Pigeon fanciers fear falcons could decimate racing flocks


BizScene set a cat among the pigeons two issues ago when it looked at the possibility of using an endangered bird to control pests. This feathered, flying cat is the New Zealand falcon.

Local vineyards have shown interest in a Marlborough pilot scheme using the falcons to keep starlings and other flying pests away from grapes.

This makes pigeon racers uncomfortable as they fear the falcons will eat their birds. The 300-year-old pastime of pigeon racing still has about 800 (human) competitors in New Zealand.

A recent event carried a $12,500 first prize. Many pigeons now carry microchips that trigger electronic clocks when they arrive in their home lofts.

This is an intriguing hobby. When Charles Darwin worked on his Theory of Evolution, he quizzed pigeon fanciers for their knowledge of inherited characteristics. He became an enthusiast himself.

Hobbyists believe falcons patrolling vineyards prey on pigeons as they race inter-island over Marlborough.

Warren Ritchie, the top Southland pigeon fancier, says a wild pair may have caused most carnage, however.

Hundreds of pigeon-racing rings were found near their nest.

Ritchie suggests if Otago vineyards introduce falcons they should control them as in traditional falconry.

“If these people are handling falcons they shouldn’t let them be flying round to do their own thing. Pigeon racers have their birds under total control. We can whistle at them, and they peel out of the sky and land beside us.”

Ritchie, a former hunter and safari guide, questions whether NZ falcons are endangered. He says they have been showing up in towns.

He tells of backcountry falcons hovering near his head waiting for him to scare up grasshoppers, and of hen falcons shrieking to drive small birds out of bush.

“They are very clever.”

Falconers need to make pigeon lovers their allies. Some would likely become professional falconers themselves.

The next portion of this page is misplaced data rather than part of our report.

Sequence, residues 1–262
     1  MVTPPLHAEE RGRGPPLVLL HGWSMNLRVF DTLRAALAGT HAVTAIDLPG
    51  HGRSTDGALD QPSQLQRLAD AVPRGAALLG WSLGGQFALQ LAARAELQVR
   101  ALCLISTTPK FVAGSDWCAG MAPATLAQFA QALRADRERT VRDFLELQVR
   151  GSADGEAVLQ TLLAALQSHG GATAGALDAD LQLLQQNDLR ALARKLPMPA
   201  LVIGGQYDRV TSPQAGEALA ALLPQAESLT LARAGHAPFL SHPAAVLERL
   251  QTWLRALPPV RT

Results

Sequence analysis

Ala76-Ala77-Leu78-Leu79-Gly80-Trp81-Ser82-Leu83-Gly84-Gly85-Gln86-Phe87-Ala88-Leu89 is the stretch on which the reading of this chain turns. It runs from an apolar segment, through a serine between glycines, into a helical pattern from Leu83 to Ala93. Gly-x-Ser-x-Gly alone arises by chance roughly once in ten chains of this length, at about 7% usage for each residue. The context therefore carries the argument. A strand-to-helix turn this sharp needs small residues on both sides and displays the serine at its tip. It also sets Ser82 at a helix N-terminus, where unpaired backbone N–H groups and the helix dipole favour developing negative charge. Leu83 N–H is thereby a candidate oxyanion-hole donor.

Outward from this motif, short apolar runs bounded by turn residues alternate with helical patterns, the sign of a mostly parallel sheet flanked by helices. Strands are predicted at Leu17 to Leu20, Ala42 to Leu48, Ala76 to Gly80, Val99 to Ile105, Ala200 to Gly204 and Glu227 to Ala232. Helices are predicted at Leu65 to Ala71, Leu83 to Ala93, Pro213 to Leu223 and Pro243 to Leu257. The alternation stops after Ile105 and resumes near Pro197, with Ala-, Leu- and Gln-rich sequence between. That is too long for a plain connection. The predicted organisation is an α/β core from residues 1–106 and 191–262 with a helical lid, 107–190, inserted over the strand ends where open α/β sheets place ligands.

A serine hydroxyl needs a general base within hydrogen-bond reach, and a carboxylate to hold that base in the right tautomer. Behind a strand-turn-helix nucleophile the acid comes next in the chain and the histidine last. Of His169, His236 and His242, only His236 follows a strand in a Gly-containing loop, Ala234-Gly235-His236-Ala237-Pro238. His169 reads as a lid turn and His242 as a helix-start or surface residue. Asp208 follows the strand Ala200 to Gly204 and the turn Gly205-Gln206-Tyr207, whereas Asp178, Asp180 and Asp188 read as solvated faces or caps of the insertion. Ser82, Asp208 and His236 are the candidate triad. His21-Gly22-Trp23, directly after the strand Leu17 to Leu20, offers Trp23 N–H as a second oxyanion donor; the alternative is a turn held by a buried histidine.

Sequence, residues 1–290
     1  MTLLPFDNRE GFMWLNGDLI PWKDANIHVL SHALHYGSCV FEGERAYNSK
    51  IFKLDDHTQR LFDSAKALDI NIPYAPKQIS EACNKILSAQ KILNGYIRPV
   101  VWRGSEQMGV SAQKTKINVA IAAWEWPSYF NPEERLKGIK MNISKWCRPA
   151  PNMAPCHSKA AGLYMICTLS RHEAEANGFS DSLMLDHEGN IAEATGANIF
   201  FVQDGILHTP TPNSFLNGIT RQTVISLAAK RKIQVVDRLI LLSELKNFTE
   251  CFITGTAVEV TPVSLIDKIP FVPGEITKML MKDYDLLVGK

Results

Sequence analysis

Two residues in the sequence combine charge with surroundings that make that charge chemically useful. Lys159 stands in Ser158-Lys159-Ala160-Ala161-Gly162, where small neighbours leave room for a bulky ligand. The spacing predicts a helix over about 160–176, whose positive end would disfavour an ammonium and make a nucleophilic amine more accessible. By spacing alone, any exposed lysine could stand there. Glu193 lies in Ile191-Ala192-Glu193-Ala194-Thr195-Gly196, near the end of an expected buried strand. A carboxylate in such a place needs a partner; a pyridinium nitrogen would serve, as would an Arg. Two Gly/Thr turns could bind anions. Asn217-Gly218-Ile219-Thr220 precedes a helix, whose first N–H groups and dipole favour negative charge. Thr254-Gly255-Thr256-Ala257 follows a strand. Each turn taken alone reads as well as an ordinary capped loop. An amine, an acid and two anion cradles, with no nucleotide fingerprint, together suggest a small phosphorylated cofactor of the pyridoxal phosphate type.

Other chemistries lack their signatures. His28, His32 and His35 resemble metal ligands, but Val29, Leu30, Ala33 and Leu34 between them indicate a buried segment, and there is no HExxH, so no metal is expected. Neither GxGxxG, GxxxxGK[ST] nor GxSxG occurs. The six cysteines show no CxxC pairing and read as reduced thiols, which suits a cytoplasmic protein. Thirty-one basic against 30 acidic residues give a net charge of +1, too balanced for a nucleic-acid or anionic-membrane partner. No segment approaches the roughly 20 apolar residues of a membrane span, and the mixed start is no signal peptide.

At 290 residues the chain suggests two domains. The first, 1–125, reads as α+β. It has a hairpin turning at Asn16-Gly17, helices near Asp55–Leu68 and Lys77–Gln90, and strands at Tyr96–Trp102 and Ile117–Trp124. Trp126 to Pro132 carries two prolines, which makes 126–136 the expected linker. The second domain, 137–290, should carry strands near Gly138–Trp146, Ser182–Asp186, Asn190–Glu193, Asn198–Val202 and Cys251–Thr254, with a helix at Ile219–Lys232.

Another flight idea

A California firm has begun tourist flights in a new Zeppelin airship. Inert helium rather than highly combustible hydrogen lifts the German-built craft.

Airship Ventures charges start around $NZ900 per passenger for a one-hour flight around San Francisco Bay in Zeppelin NT (for “new technology”). Other trips cover local wine country and Silicon Valley.

How would airship tours go to Milford Sound? Airship Ventures has one key advantage. It uses an airship hangar built in the 1930s.

Rural broadband

Power companies might yet end up the most economic suppliers of internet broadband in rural areas – including much of the Wakatipu region. Broadband over power lines – BPL – has so far generated intermittent support.

The latest boost comes from IBM partnering technology company IBEC and 13 American rural cooperative lines companies to manage BPL. The Wall Street Journal reports the venture hopes to sign up 900 other rural lines companies and is working with overseas firms. IBEC also runs wireless and ADSL broadband services.

BPL customers use a modem that plugs into a wall power outlet. Customers pay from $NZ55 a month for a 256kb/sec home service.

The technology uses radio-frequency signals carried in the magnetic field that surrounds power lines. Cheap repeater boxes clamped to the lines amplify the signals.